Church ladies are back for ‘A Second Helping’

Patricia Harrelson

The year is 1969, and change is at the forefront of the lives of four women who run the kitchen at West Cornucopia Lutheran Church in rural Minnesota. And there you have it: the theme and setting for "A Second Helping: The Church Basement Ladies Sequel" Sierra Repertory Theatre's latest production at the Fallon House Theater in Columbia.

The first installment of Greta Groush's "Church Basement Ladies" introduced the matriarch who runs the kitchen, Vivian Snustad, the flamboyant farm wife, Mavis Gilmerson, and Karin Engleson and her daughter Signe, who wanted to bring fresh ideas to the kitchen, much to Vivian's disapproval.

Directed and choreographed by Michael Misko, these ladies are back with heartwarming humor and hilarious antics to serve high school students at the Lutheran League Banquet, followed by a church-sponsored Missionary Night, and finally to weather the rise and fall of a Viking's Super Bowl Sunday. Lots of changes - relocation, love, birth, death, transformation - along with laughter and tears happen in the same yellow and lime-green subterranean kitchen designed by Jay Heiserman.

Misko directs five actors who bring physical comedy, honesty, and universality to the stage in the shape of archetypal characters who are not in the least stereotypical.

The curtain rises, as it did in the first installment, on the church's Pastor Gunderson, played by Ryan William Bailey, who introduces the basement ladies. Bailey's rich crooning voice opens the door to the gals who will wow the audience for the rest of the night. He also sets the musical bar nice and high for the production. Musical Director Joel Scott Shade has charmed dazzling sound from all of the actor-singers.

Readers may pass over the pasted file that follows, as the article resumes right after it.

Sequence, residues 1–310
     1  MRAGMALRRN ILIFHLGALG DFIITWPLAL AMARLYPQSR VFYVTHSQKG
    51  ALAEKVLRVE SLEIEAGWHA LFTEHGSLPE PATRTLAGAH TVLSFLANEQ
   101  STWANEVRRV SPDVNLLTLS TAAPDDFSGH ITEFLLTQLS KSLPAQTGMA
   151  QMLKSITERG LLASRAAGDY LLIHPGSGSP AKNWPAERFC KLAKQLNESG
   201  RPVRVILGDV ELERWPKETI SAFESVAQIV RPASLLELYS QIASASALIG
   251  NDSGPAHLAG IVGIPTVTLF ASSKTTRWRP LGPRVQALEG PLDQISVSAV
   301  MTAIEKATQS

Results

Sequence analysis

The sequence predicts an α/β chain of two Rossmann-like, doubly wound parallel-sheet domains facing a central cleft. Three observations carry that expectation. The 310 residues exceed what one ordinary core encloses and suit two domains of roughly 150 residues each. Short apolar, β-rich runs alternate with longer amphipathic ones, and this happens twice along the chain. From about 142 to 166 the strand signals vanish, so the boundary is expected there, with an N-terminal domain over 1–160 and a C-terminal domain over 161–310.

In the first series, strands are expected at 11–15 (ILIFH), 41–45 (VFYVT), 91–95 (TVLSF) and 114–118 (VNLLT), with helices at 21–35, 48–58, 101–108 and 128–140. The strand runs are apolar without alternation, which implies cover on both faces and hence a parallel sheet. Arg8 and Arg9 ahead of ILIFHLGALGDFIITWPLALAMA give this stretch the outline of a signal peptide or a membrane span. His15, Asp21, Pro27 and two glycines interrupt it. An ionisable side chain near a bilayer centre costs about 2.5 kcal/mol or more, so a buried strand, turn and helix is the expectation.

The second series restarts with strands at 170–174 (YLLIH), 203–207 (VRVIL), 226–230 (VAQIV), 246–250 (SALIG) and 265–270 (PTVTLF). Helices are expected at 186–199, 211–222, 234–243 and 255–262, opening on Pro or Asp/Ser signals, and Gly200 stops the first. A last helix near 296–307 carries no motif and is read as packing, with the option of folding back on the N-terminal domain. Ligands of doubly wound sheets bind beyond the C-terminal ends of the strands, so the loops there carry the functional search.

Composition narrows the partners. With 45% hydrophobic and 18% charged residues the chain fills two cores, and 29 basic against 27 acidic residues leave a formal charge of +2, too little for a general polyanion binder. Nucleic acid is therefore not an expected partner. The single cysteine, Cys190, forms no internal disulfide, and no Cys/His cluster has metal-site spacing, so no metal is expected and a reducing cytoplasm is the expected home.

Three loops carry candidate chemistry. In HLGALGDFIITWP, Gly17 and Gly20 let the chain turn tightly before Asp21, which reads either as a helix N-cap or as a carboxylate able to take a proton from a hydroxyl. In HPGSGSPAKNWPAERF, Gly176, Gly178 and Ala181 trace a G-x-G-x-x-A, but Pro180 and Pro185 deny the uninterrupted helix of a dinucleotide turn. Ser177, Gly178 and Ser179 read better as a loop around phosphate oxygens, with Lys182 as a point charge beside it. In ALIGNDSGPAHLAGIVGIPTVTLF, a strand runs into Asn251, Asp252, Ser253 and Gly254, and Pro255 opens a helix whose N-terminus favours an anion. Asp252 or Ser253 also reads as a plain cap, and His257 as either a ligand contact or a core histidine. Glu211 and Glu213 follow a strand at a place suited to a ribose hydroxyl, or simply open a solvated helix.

Becky Saunders is almost risque singing "God's Way of Saying," but then her whole performance as Mavis is a laugh riot. The knife wielding farmer's wife is bold, impetuous and resourceful, and her choice remarks pepper the night with spicy humor. Saunders shines every time she hits an SRT stage.

Mavis's counterpart is Vivian Snustad, played by Caitlin Randall. She is an elderly curmudgeon who one can't help but love, especially when she's dropping malapropisms, like "chafe" for "chaste," espousing illogical conclusions, like "adoption is a modest way to have a baby," or wearing Wonder Bread bags on her feet in lieu of snow boots. Randall's shining moment, however, comes when singing "Vivian's Bad Trip," about her dreaded visit to the cities.

Nancy O'Bryan balances physical comedy and honest melodrama in her portrayal of Karin Engleson, the grandmother-to-be. Karin pushes the edges of Lutheran propriety - albeit ambivalently - until her transformation in dress and hair in the second act. It's a moment worth waiting for, preceded as it is by the most serious and touching point of the play.

Signe, who changed her name to Beverly after she married, is played by Paige Herschell. Sneaking back into the empty kitchen where she grew up after her return from the cities, Beverly anoints the beloved place with her sweet voice in the one song of this musical that has true staying power: "Cardamon, Cinnamon, Ginger & Cloves." When O'Bryan reprises the song at start of the second act, echoing her stage daughter, the once chuckling audience is as quiet as can be.

Song, more than plot, carries the messages in "Church Basement Ladies." The number "Mary/Martha" measures the worth of the unappreciated women who volunteer in the church kitchen, while "You Never Know" instructs about the inevitability of change. The choreography trims messages in song with hilarity, until even the least giggle-some among audiences will feel a chortle choke forth.

Bina Bieker clothes the women in period print dresses and bib aprons with Beverly a step ahead in youthful late '60s fashion, but the way Bieker costumes Pastor Gundersen, moving him from homely brown to silly grass skirt to psychedelic blue vest and pants magnifies the goofy, lovable appeal of Bailey as the pastor.

Lighting by Peter FA Leibold VI spotlights, encircles and glorifies the church basement gals as they harmonize and cavort. One producer called "Church Basement Ladies" the Lutheran answer to "Nunsense."

There's no doubt that the laughter prompted by this musical is divine. Take yourself to the Fallon House for a large dose of good feeling.

"A Second Helping" plays through June 8. Call 532-3120 for reservations.

The Union Democrat
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